In determining whether the movant is entitled to summary judgment, the Court views facts in the light most favorable to the non-movant and draws all reasonable inferences in his favor.[4] “If the moving party meets the initial burden of showing that there is no genuine issue of material fact, the burden shifts to the non-moving party to produce evidence or designate specific facts showing the existence of a genuine issue for trial.”[5] Summary judgment is appropriate if the non-movant “fails to make a showing sufficient to establish the existence of an element essential to that party's case.”[6]

         “In response to a properly supported motion for summary judgment, the nonmovant must identify specific evidence in the record and articulate the manner in which that evidence supports that party's claim, and such evidence must be sufficient to sustain a finding in favor of the nonmovant on all issues as to which the nonmovant would bear the burden of proof at trial.”[7] The Court does “not . . . in the absence of any proof, assume that the nonmoving party could or would prove the necessary facts.”[8] Additionally, “[t]he mere argued existence of a factual dispute will not defeat an otherwise properly supported motion.”[9]

         LAW AND ANALYSIS

         Louisiana Revised Statutes § 9:2800.6 provides a negligence cause of action to people who suffer an injury at a business because of an unsafe condition at the business.[10] Subsection B of the statute sets forth the elements a plaintiff must prove to succeed on his claim.[11] The statute provides:

In a negligence claim brought against a merchant by a person lawfully on the merchant's premises for damages as a result of an injury, death, or loss sustained because of a fall due to a condition existing in or on a merchant's premises, the claimant shall have the burden of proving, in addition to all other elements of his cause of action, all of the following:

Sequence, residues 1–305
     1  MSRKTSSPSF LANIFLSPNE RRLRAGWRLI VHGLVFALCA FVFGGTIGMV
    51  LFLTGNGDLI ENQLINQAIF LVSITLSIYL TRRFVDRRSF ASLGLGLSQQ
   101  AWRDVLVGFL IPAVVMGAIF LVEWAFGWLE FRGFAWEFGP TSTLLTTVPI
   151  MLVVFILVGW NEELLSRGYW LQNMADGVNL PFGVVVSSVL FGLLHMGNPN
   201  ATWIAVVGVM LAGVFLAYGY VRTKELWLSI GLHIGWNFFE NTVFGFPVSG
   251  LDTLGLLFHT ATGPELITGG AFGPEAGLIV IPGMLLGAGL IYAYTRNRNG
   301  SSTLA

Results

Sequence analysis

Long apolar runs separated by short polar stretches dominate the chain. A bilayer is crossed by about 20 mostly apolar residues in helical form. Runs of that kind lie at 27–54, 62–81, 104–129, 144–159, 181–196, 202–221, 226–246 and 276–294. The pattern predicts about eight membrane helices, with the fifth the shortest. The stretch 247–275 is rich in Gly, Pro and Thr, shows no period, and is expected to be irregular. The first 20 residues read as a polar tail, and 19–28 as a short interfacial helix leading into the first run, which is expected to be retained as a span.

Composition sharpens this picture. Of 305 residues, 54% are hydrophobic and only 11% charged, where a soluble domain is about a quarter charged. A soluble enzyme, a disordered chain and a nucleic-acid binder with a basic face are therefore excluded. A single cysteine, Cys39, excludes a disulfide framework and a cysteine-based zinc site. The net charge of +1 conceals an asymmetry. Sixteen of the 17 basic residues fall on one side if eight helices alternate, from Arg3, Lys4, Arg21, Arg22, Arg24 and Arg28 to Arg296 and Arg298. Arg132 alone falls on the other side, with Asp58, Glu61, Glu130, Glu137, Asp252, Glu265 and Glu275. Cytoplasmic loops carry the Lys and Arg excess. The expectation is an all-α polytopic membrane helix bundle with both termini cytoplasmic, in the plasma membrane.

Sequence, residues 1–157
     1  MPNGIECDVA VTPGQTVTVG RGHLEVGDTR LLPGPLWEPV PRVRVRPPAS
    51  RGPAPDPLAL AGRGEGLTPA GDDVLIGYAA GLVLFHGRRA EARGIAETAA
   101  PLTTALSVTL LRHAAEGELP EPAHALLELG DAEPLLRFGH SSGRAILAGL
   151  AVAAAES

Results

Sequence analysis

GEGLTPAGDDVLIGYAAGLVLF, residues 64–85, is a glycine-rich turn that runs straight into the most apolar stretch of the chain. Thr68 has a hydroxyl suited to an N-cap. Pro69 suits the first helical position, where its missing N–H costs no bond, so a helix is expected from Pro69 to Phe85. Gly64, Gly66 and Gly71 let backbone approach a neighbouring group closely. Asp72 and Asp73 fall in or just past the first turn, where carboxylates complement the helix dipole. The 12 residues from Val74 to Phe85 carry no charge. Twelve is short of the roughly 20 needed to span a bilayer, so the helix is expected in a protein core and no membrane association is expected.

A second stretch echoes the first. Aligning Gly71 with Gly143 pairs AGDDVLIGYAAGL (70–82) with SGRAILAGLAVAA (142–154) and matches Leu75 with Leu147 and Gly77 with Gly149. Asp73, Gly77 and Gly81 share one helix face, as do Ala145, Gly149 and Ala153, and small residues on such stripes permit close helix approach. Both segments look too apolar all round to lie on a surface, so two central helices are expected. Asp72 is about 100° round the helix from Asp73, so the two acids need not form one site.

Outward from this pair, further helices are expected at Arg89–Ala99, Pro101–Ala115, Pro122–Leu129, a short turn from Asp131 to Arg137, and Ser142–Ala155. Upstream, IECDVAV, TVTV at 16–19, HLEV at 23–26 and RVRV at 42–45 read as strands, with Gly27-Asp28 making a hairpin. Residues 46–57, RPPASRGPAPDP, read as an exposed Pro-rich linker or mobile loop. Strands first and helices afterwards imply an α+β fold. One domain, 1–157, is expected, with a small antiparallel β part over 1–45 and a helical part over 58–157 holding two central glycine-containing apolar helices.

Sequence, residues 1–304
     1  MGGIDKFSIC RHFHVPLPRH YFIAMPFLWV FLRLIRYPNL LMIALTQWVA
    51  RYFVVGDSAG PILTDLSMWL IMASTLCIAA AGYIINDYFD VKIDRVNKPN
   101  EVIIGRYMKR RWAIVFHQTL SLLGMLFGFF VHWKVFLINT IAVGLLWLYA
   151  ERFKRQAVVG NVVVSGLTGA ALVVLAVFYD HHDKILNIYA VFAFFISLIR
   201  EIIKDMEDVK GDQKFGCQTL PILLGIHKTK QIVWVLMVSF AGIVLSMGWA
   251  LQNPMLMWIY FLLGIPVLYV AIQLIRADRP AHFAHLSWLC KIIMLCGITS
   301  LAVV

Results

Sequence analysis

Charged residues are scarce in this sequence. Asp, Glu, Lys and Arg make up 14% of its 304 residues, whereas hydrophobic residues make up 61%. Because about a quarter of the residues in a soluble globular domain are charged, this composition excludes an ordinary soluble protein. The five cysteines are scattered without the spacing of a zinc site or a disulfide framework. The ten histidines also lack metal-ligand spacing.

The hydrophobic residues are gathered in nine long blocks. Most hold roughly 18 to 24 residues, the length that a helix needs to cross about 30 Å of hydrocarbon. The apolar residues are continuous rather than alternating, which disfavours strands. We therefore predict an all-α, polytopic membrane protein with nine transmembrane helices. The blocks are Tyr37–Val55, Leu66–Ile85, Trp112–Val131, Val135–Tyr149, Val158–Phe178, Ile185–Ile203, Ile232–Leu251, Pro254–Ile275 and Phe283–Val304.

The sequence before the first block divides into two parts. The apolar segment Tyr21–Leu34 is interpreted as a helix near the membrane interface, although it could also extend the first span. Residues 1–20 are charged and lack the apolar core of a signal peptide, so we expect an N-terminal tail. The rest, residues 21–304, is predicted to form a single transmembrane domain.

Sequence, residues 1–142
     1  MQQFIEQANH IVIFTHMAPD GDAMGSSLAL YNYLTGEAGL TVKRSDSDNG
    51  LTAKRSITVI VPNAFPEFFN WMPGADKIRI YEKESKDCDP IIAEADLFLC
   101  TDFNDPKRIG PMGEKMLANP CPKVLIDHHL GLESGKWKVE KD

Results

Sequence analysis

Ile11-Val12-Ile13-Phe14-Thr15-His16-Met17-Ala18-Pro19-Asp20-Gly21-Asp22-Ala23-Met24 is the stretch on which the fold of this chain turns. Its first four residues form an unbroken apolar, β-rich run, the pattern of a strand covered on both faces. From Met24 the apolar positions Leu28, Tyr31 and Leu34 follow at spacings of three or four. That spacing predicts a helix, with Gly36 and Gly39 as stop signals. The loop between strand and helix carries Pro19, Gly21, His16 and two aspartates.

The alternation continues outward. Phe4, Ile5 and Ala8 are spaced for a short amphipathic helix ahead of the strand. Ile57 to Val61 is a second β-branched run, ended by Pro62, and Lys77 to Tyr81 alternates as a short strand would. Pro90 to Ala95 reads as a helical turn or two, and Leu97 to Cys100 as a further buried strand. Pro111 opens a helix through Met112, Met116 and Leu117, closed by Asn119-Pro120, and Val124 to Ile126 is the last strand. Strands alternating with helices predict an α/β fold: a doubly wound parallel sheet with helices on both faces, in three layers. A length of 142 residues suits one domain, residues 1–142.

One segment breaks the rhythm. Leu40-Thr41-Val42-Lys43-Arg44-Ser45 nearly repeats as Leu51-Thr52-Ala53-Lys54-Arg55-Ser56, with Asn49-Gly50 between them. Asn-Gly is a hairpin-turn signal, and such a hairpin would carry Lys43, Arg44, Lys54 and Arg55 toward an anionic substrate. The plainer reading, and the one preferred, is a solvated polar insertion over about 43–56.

(1) The condition presented an unreasonable risk of harm to the claimant and that risk of harm was reasonably foreseeable.
(2) The merchant either created or had actual or constructive notice of the condition which caused the damage, prior to the occurrence.
(3) The merchant failed to exercise reasonable care. In determining reasonable care, the absence of a written or verbal uniform cleanup or safety procedure is insufficient, alone, to prove failure to exercise reasonable care.[12]

         AutoZone argues that Lee cannot prove that a condition existed at AutoZone presenting an unreasonable risk of harm to Lee. This Court agrees.

         A failure to make a clear showing of any one element under Louisiana's merchant liability statute is fatal to a plaintiff's claim.[13] The first element of the statute requires a plaintiff to show that a condition existed at a merchant's premises presenting an unreasonable risk of harm to the plaintiff.[14] Louisiana courts employ a risk-utility balancing test when determining whether a condition presents an unreasonable risk of harm.[15] The ultimate question of the test is whether the utility of the hazard outweighs the risk of harm it presents. ‚ÄúSimply put, the trier of fact must decide whether the social value ...